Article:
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The Elements of Story: Field Notes on Nonfiction Writing by Francis Flaherty - “Arranged in easily digestible segments, this insightful book carries a writer through the larger considerations of writing for non-fiction.  There are plenty of sources for grammar, but this book patiently teaches the expert and the beginner alike how to tackle writing from first word to last punctuation mark as it discusses theme, movement, artfulness and more.  I feel like I can now confidently craft a story that means something to the reader!”
*Recommended by TED-Ed Community Manager Jordan Reeves

The Mother Tongue: English and How It Got That Way by Bill Bryson - “Pure linguistical pleasure, now available in paperback. Soaked in wit, saturated with literary dexterity, and steeped in a deep, tender delight in the way we communicate, this is a nearly euphoric 272 pages.”
*Recommended by TED-Ed Educator Jessica Oreck

The Books in My Life by Henry Miller - A book about books and how reading is part of an expansive life. From an essay on Balzac, to praise for the Indian teacher Krishnamurti, to an exploration of Madame Blavatsky — the Russian traveler turned clairvoyant — he looks over the books that he loved over a long life. Along with great reading recommendations, the essays quietly encourage a kind of intellectual egalitarianism. For Miller, reading widely is more vital than reading the acclaimed masters when it comes to developing our own sensibilities, and he reminds us that as much as great books carry us away, they ultimately bring us more into the world.”
*Recommended by TED-Ed Educator Courtney Stephens

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Super Sad True Love Story by Gary Shteyngart - “In his third novel, Shteyngart combines the self-absorbed pathos of the immigrant experience explored in his previous work with an imaginative rendering of a near-future dystopia that is at once absurd and all too familiar. A sadly believable modern romance weaves through a masterful satire that touches on everything from passively-accepted mass surveillance and the ubiquity of social media to the inability of technological promises to forestall economic and political decline. Both darkly comical and piercingly poignant, the story is a seamless merging of the personal and the universal.”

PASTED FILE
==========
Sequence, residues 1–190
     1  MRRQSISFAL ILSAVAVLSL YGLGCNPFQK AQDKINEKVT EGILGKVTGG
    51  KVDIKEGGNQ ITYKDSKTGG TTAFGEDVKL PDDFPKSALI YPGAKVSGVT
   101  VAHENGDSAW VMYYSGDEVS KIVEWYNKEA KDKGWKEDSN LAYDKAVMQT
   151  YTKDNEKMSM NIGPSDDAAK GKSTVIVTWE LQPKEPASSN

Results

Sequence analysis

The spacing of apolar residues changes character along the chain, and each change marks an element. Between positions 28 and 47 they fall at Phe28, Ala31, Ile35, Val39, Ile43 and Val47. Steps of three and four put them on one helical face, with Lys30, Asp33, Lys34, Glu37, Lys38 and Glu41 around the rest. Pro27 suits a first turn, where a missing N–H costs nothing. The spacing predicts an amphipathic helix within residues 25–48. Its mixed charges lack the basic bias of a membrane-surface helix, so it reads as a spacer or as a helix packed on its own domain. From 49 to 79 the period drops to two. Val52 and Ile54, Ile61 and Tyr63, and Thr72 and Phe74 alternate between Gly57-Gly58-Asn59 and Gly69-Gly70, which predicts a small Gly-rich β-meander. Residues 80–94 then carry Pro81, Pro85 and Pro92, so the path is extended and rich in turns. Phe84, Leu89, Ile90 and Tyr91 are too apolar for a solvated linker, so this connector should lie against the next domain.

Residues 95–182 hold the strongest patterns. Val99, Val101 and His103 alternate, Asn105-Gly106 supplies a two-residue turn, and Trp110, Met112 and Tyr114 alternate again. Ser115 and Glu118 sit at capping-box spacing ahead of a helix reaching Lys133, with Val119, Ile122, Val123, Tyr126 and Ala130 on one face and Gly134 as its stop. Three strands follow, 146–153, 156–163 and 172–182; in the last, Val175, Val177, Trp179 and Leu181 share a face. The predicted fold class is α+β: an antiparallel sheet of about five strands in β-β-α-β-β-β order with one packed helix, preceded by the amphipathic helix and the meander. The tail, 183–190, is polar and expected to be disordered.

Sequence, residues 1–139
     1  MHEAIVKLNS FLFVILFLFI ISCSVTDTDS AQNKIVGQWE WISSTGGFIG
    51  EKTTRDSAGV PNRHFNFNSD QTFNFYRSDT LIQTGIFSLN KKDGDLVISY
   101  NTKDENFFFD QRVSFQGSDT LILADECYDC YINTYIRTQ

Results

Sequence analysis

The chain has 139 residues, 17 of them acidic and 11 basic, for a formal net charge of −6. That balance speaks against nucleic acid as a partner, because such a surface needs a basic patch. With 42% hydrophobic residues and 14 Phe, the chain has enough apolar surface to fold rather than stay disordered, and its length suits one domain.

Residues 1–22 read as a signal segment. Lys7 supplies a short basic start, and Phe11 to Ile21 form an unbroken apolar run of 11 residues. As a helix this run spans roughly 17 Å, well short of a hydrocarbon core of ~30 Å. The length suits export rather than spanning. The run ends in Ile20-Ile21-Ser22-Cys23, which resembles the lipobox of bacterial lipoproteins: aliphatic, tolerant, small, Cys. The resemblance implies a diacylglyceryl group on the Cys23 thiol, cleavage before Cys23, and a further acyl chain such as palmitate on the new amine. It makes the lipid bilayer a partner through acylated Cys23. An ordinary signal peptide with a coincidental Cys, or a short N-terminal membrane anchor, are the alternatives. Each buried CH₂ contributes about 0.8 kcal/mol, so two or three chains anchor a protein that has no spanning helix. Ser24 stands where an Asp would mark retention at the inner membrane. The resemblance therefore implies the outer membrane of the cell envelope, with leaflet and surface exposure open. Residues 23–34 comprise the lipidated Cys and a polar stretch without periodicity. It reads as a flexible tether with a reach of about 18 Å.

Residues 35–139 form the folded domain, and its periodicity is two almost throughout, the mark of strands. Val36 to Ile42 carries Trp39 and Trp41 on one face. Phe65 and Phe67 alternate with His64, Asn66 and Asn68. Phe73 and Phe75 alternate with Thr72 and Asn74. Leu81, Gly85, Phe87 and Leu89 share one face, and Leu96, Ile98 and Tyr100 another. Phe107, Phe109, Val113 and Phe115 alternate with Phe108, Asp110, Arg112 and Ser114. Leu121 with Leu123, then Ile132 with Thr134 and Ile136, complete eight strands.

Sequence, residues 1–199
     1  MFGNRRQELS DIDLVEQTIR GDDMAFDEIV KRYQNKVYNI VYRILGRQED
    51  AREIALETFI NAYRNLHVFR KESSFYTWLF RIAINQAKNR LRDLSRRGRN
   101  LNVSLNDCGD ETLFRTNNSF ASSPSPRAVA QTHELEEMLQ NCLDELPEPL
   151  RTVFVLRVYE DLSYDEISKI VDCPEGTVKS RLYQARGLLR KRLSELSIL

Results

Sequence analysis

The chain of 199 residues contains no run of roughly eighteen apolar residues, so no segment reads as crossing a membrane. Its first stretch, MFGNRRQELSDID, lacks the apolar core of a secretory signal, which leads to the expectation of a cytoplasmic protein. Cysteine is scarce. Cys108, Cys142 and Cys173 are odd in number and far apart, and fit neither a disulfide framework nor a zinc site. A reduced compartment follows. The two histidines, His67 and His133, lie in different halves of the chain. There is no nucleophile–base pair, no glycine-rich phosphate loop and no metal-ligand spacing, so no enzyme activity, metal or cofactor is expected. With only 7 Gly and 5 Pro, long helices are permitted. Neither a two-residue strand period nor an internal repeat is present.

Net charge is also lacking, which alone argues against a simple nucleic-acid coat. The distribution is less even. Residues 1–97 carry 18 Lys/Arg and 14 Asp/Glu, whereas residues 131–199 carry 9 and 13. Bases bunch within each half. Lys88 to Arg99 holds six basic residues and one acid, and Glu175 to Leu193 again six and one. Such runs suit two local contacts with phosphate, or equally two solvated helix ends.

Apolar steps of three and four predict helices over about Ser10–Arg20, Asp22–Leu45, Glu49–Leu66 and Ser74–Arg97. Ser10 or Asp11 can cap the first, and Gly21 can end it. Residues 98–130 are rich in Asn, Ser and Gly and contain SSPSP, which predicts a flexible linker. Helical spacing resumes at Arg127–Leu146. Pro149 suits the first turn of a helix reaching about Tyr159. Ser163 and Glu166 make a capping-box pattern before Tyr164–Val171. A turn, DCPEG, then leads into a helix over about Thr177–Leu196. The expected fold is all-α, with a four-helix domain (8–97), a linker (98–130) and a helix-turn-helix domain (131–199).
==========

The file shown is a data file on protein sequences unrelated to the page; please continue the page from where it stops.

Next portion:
*Recommended by TED-Ed Educator Alex Gendler

The Signature of All Things by Elizabeth Gilbert - “I was completely enthralled in this story.  It’s about the struggle to grow up and the challenges of finding one’s passion (in life, love, and other mysteries). Wrought with heartache, Alma Whitaker marches through life like a soldier into war.  Then, unexpected events lead her to new horizons.  The plot thickens, and Alma meets strange but lovely characters to help her through her journey!”
*Recommended by TED-Ed Community Manager Jordan Reeves

The Girl Who Fell From the Sky by Heidi W. Durrow - “This is about a mixed-race African-American/Danish girl who is sent to live with her grandmother in Portland, OR, in the 1980s. It is a really beautifully told story about her struggle to reconcile both her white and black identities while growing up and also figuring out what happened with her parents (family secrets and all that). Really well written but also a good summer read because it’s easily read while still being stimulating.”
*Recommended by TED-Ed Programs Coordinator Caroline Cristal

The Alienist by Caleb Carr - “Creepy. Exciting. Mysterious. A great summer read.”
*Recommended by TED-Ed Educator George Zaidan

The Bluest Eye by Toni Morrison - “The complexities and intersectionality of race and gender are so detailed in this novel. What does it mean to be black and a girl growing up in the US is something that scholars and women are still trying to address in current debates.”
*Recommended by TED-Ed Educator Christina Greer

The Amazing Adventures of Kavalier & Clay by Michael Chabon - “It’s the fictitious story of two guys from Brooklyn who invent a wildly popular Superman competitor in the 1940s. If you’re into comic books, Harry Houdini, or what is was like growing up in mid-20th century New York City, you’ll love this book. To quote an Amazon review, ‘[Kavalier & Clay] has the thrills, action and pacing of a comic book, yet also has the beautiful language, fully developed, memorable characters, and moving, non-manipulative drama of the finest literary novel.’”
*Recommended by TED-Ed Web Specialist Bedirhan Cinar

Gabriella’s Song by Candace Fleming - “Whenever I am asked to do a writer’s workshop with elementary-aged students, I always bring this book along with me. Gabriella’s Song is a great example of how to incorporate sensory writing—describing sights, sounds, smells, touch, and taste—into your stories. The illustrations are beautiful, and of course, the subject matter is near and dear to my heart!”
*Recommended by TED-Ed Educator Laura Morelli

Pudd’nhead Wilson by Mark Twain - “My absolute favorite book. It addresses race, class, identity, loyalty and so much more. It is a novella and I would argue one of Twain’s most succinct works. Essentially, two boys switched at birth, one white and the other black. The rest is sheer anguish, comedy, confusion, and a larger statement on race and racism.”